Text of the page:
(RepublicanJournal.org) – A Republican presidential candidate spoke at a conservative event last weekend — and got an unwelcome surprise. Former Arkansas governor Asa Hutchinson was planning to whip up support for himself in next year’s GOP primaries. Instead, he sparked a show of loyalty to front-runner Donald Trump.
On July 15, Hutchinson, whose political career began when he was elected to the House in 1996, spoke at the Turning Point Action Conference in West Palm Beach, Florida. Hutchinson is positioning himself as a moderate Republican in the hope of winning over centrist voters, and he tried to put his ideas across at the conference. However, that wasn’t what the conservative audience wanted to hear.
Instead of applause, Hutchinson found himself being jeered by the crowd. As he tried to explain his policies during the pandemic, the venue erupted with chants of “Trump! Trump! Trump!” It was a strong reminder of Trump’s commanding lead in the race for next year’s GOP nomination. Right now, according to a Premise poll, the former president is backed by 63% of Republicans, with his nearest rival — Florida Governor Ron DeSantis — trailing far behind at 28%. Hutchinson’s support barely registers at all. In fact, he’s #3 on the list of candidates Republicans don’t want to face Biden next November.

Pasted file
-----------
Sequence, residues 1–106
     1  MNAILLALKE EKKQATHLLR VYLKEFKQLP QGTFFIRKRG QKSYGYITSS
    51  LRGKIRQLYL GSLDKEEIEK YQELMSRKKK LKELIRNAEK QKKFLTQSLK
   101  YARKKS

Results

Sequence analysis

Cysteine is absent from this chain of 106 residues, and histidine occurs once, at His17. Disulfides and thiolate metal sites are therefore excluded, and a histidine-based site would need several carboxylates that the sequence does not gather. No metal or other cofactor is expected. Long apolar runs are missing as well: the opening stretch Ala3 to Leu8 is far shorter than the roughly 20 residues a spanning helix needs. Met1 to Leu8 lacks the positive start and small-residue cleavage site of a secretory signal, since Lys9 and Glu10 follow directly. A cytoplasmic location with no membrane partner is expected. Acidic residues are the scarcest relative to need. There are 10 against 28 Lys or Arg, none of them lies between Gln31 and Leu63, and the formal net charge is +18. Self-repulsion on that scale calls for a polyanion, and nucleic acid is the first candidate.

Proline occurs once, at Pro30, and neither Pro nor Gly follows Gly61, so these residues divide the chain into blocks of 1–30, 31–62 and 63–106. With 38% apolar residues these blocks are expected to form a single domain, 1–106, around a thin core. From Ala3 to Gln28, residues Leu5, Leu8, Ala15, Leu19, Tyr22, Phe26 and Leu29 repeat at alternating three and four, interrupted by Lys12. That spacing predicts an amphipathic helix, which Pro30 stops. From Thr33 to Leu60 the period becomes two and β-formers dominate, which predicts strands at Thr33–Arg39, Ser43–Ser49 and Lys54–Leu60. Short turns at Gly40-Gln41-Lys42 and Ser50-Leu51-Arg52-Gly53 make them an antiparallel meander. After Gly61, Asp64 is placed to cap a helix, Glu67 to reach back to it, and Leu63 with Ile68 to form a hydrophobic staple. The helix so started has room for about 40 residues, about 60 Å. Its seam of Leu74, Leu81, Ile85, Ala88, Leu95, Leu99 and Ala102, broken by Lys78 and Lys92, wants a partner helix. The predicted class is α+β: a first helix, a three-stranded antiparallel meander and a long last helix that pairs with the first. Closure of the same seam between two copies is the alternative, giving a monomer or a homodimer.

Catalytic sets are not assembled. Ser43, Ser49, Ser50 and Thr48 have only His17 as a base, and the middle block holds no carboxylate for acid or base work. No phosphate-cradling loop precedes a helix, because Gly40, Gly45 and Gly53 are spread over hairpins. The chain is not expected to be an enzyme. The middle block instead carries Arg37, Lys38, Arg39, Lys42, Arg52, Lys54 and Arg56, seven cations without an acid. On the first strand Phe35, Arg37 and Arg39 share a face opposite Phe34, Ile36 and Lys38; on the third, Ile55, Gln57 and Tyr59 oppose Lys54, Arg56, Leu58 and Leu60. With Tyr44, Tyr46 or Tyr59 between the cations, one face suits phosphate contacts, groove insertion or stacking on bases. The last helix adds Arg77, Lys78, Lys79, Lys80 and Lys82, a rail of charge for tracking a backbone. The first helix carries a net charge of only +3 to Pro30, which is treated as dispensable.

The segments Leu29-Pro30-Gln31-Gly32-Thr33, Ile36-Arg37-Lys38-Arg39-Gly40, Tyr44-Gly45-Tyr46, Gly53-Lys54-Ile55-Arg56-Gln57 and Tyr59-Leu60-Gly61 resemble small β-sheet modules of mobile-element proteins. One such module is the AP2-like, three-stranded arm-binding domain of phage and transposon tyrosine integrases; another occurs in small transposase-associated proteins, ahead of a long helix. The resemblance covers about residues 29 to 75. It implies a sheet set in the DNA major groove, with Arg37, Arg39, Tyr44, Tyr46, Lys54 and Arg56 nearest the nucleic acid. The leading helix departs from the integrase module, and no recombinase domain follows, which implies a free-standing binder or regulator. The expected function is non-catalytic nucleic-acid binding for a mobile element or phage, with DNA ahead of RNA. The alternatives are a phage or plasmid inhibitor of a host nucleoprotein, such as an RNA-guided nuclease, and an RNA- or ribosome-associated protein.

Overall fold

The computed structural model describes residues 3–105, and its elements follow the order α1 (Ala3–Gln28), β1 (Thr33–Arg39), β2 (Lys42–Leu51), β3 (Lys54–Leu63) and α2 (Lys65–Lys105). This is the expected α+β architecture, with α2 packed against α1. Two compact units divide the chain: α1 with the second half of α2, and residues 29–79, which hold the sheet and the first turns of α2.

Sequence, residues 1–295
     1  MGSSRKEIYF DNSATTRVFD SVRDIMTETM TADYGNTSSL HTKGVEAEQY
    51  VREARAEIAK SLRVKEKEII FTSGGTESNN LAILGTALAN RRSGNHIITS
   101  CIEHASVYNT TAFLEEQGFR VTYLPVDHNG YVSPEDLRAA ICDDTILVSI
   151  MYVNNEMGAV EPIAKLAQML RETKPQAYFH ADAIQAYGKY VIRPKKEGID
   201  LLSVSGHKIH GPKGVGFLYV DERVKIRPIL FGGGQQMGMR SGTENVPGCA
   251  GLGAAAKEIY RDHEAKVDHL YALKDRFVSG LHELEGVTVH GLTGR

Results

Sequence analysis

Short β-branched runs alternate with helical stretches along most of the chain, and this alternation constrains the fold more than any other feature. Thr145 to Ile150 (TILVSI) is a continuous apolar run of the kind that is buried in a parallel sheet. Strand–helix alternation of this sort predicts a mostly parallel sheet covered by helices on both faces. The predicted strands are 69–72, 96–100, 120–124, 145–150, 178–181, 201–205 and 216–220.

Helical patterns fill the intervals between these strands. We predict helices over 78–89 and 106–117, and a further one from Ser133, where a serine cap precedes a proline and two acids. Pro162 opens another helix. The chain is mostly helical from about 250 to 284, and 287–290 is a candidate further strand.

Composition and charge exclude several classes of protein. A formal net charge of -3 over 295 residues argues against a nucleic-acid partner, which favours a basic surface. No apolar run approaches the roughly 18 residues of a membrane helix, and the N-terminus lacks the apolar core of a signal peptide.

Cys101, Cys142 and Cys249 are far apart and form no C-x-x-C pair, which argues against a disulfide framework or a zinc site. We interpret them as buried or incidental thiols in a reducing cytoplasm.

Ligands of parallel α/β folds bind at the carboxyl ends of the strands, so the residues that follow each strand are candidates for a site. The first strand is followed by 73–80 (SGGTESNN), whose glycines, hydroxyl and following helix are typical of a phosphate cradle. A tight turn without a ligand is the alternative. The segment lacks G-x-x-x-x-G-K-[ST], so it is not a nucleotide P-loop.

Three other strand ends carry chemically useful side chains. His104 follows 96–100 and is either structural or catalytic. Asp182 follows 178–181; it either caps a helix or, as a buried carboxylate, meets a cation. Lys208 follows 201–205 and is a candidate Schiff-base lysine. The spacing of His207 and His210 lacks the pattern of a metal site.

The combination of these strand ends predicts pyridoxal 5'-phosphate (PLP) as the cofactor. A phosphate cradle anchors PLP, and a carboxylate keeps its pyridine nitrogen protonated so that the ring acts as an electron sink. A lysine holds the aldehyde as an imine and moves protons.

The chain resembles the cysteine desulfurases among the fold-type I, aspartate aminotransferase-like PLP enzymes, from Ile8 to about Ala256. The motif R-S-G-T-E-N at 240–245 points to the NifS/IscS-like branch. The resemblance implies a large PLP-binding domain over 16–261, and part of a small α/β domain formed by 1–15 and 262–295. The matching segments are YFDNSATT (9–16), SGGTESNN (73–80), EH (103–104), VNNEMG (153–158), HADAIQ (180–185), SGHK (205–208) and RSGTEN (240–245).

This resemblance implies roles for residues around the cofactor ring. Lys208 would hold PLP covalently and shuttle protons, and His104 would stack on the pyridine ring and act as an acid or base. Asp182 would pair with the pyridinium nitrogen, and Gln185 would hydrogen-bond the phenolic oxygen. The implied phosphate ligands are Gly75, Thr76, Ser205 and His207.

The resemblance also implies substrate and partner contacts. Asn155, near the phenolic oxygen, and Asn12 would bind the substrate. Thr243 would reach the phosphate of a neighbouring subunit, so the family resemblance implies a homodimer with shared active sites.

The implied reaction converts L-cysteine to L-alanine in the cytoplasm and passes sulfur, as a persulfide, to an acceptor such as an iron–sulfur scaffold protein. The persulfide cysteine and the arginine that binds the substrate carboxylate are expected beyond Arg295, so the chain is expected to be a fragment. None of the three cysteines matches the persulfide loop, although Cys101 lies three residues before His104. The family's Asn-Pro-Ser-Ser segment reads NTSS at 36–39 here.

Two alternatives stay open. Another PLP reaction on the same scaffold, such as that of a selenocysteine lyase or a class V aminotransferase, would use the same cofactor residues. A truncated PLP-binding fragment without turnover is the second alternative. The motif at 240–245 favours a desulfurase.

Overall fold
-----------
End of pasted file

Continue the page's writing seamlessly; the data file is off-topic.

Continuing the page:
Hutchinson himself claims he got booed because Trump has a “stranglehold” on “a certain element” of the Republican Party. It’s true that Turning Point USA, which organized the conference, backs Trump for the 2024 nomination and that the former president got a warm welcome when he addressed the conference on the same day as Hutchinson — but it isn’t just Turning Point supporters that are left cold by Hutchinson’s lukewarm conservatism. Only one poll puts his support among voters as high as 2%; all the rest show him at 1% or less. Thanks to Trump’s huge lead, the contest for next year’s Republican nomination is just barely clinging on to being a two-horse race. Hutchinson isn’t one of them.
Copyright 2023, RepublicanJournal.org